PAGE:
I = Current = 3.2 amperes

Time interval = 15 seconds.

Then we would know that the amount of charge that flowed through the wire in the 15 second time interval would be:

Total charge = 3.2 amperes x 15 seconds
= (3.2 coul/sec) x 15 sec
= 48 couloumbs

Problem

3. Here's a problem for you.  You have a car battery, and you leave on an interior light.  The light draws one ampere from the battery.  How many couloumbs will flow through the light if you leave it on for three hours?

Enter your answer in the box below, then click the button to submit your answer.  You will get a grade on a 0 (completely wrong) to 100 (perfectly accurate answer) scale.

Comments on the Problem

If you think about the problem above you see that a couloumb is a pretty small amount of charge.  For example, the car battery can probably supply one ampere for somewhere between 50 and 100 hours.  That's a lot of couloumbs!  Manufacturers who make car batteries use other units of charge.  Since:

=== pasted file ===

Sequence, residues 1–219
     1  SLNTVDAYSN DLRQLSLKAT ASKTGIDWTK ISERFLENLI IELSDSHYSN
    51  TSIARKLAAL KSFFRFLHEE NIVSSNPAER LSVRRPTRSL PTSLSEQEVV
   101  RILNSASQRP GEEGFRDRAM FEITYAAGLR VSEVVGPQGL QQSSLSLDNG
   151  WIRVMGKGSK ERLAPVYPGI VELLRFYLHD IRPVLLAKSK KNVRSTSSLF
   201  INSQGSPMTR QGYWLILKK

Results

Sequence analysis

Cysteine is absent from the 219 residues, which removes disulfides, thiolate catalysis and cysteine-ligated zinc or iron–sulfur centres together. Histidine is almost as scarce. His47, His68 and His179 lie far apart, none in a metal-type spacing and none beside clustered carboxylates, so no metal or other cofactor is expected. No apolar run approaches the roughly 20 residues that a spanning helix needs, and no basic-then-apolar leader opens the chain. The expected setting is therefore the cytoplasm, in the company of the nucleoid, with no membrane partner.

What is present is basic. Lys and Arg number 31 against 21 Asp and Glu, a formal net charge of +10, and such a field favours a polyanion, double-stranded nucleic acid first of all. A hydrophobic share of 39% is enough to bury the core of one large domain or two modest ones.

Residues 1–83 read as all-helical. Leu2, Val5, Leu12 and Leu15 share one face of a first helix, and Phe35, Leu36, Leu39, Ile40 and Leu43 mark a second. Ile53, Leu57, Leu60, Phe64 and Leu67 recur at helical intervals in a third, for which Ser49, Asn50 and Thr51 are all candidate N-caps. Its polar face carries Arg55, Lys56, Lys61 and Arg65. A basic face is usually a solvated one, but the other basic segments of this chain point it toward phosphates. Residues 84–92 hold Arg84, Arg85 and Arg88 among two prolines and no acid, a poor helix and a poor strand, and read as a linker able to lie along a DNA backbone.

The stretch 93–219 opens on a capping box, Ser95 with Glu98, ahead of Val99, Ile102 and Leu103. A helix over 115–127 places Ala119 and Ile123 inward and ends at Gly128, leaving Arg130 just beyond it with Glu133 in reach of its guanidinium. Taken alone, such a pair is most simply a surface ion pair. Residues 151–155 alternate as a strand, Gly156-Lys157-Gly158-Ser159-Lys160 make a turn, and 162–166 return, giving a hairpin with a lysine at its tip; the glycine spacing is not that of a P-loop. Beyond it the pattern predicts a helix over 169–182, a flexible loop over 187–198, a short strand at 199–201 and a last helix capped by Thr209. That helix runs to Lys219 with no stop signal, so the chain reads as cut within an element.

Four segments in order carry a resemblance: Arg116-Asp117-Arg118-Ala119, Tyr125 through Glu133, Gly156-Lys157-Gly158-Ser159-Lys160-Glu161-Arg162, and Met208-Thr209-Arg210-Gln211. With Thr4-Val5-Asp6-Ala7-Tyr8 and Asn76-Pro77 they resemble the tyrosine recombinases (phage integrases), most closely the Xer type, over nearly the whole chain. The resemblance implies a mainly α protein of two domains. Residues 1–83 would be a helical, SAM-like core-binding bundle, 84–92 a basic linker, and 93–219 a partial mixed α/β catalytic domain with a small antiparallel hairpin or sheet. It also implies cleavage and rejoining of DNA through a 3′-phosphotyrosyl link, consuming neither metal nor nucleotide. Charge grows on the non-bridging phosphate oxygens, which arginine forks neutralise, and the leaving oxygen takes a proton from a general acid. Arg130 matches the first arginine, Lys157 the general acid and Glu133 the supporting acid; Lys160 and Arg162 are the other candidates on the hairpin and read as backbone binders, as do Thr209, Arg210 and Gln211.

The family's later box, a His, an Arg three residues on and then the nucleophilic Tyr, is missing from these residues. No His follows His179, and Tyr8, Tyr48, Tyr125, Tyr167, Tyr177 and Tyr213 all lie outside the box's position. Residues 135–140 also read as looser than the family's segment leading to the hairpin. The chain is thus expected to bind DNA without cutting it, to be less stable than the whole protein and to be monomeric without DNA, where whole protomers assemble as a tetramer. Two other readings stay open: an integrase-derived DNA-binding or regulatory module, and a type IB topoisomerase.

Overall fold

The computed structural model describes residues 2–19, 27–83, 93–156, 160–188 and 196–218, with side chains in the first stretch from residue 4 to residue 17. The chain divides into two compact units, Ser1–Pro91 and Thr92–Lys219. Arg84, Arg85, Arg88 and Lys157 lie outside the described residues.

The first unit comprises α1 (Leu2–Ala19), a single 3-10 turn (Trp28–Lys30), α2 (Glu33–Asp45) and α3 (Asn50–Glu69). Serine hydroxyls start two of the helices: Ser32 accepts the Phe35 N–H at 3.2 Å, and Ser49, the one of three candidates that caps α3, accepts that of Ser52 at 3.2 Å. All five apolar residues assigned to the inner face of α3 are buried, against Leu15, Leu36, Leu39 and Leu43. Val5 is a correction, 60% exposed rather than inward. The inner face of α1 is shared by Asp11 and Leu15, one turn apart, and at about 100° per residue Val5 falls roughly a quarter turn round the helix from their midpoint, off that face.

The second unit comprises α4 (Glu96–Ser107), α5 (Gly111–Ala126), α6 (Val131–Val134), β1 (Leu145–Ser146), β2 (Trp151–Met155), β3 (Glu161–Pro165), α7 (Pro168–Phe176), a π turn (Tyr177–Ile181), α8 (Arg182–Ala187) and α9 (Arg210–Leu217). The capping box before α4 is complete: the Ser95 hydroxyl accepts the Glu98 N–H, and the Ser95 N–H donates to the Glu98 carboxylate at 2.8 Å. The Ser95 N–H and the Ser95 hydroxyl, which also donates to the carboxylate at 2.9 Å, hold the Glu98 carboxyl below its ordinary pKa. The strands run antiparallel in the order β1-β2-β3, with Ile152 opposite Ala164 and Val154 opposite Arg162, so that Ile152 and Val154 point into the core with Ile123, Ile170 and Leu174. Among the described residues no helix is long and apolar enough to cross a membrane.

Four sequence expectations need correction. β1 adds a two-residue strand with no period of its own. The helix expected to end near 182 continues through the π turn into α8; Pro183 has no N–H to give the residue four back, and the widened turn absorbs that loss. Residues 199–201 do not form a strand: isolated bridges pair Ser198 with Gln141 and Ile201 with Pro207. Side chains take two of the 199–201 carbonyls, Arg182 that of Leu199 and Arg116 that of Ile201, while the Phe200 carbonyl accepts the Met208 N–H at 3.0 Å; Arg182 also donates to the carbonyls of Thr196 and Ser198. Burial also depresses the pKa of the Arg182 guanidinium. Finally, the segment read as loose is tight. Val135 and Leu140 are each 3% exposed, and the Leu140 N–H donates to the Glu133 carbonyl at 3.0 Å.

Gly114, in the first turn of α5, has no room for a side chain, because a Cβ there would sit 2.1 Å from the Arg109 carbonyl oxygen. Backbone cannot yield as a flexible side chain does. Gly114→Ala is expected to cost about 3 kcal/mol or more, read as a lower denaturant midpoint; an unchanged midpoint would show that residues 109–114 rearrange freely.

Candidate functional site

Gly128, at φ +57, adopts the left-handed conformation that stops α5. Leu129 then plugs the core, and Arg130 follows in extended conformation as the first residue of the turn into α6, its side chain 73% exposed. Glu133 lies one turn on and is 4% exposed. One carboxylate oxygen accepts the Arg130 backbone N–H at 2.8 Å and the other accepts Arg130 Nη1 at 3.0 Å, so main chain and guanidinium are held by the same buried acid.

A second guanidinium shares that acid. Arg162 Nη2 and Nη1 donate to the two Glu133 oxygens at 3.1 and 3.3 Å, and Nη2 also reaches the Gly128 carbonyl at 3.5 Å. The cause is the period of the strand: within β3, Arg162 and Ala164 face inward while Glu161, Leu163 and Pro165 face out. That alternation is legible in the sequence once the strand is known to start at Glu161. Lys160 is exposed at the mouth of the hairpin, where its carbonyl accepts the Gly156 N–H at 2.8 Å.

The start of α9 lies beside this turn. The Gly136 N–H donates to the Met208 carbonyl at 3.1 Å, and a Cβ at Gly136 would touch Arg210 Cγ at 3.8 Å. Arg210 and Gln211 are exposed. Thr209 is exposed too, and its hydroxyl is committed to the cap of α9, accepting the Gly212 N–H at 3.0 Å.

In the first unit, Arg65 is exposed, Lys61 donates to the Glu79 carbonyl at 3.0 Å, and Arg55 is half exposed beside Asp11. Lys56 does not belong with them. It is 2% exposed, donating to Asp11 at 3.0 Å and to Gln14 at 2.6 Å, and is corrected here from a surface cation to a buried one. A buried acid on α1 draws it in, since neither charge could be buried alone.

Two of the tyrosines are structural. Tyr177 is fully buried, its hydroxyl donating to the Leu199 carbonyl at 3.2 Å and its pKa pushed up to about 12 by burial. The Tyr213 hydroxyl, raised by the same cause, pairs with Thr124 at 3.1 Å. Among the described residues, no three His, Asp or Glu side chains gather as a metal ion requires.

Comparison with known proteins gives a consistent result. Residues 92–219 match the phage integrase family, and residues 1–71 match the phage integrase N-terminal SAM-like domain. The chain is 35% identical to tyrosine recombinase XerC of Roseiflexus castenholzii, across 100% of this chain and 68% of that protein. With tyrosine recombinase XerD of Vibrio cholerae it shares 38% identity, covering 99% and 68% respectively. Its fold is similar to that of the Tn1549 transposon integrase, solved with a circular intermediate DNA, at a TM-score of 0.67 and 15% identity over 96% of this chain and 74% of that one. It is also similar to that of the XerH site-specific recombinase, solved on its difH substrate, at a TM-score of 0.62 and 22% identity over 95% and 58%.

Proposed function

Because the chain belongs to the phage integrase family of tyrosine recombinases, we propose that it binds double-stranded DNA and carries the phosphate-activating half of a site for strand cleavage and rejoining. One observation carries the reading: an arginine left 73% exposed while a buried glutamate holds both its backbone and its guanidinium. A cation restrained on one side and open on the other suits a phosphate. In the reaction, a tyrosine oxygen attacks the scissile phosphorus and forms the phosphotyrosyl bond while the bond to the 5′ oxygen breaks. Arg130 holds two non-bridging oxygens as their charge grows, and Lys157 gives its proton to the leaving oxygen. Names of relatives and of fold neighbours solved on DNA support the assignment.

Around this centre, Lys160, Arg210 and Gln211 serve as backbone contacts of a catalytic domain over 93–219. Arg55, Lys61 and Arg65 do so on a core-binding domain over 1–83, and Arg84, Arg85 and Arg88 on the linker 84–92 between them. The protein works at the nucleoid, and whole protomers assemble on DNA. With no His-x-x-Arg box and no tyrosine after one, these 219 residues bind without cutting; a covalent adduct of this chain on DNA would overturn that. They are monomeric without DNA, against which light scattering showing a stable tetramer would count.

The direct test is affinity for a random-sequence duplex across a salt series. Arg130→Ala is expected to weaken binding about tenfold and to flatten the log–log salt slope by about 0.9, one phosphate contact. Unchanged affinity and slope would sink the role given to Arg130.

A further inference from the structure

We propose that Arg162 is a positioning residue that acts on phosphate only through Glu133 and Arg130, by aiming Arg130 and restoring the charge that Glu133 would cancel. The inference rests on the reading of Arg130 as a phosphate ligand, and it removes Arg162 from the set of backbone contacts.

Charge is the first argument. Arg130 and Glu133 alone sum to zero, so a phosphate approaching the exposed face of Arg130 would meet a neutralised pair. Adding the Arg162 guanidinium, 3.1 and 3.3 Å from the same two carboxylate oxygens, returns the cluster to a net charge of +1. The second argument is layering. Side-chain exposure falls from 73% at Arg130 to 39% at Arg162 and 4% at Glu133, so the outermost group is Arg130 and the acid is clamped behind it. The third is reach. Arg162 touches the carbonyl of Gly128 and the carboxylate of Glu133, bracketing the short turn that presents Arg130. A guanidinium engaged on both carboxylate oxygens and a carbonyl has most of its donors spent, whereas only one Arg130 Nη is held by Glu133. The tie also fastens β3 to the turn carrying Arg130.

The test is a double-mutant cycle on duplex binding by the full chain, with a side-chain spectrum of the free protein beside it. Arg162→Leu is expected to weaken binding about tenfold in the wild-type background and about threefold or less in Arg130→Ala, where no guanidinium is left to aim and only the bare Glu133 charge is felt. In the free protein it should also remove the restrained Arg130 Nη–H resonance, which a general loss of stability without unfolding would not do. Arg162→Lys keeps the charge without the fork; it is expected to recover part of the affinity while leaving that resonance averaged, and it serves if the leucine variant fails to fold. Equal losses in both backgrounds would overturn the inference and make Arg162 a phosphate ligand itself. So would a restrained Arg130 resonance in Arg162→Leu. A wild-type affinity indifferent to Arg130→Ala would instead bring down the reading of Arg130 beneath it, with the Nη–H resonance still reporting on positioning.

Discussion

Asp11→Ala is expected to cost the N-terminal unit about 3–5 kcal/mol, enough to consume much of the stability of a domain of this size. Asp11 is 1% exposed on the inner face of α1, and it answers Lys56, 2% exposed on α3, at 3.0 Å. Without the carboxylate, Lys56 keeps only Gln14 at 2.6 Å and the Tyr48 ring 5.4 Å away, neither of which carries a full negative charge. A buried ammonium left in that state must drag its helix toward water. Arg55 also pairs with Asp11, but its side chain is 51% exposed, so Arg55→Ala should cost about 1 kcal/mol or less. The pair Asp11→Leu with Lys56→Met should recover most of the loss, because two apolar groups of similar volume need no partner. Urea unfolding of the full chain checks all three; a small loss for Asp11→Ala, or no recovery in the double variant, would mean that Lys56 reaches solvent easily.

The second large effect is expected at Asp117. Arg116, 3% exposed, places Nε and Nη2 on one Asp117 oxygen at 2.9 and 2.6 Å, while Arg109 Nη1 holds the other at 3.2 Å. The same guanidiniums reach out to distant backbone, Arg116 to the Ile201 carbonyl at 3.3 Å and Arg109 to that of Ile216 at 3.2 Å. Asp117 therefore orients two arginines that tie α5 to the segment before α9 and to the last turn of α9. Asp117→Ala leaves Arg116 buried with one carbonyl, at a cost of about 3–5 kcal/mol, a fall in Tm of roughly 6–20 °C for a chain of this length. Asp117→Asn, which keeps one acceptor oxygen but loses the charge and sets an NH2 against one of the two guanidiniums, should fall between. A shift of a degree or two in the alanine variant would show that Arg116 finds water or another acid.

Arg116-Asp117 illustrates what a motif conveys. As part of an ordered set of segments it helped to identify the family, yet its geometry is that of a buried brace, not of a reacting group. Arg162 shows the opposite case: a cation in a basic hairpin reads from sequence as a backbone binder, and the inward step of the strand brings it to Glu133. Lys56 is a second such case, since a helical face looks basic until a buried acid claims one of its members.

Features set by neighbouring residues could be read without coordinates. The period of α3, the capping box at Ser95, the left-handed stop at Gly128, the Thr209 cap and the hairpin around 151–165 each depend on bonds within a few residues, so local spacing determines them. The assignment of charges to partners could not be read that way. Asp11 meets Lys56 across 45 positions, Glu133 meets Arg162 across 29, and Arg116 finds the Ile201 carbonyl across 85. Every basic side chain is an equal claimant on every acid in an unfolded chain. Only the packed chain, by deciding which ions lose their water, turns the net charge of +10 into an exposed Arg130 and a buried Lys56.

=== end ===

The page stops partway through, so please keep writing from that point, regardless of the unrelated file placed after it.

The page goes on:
Charge = Current x Time Interval

we can use other units.  For example, the time interval can be measured in hours.  Then, instead of couloumbs we would measure charge in units of ampere-hours.  Electrical engineers don't use that unit often, but battery manufacturers use it all the time.  A car battery that can provide one ampere for 80 hours is rated at 80 ampere-hours.  Of course, it can also provide 80 amperes for one hour.

Problem

4. Here's another problem for you.  How many couloumbs are there in one ampere-hour?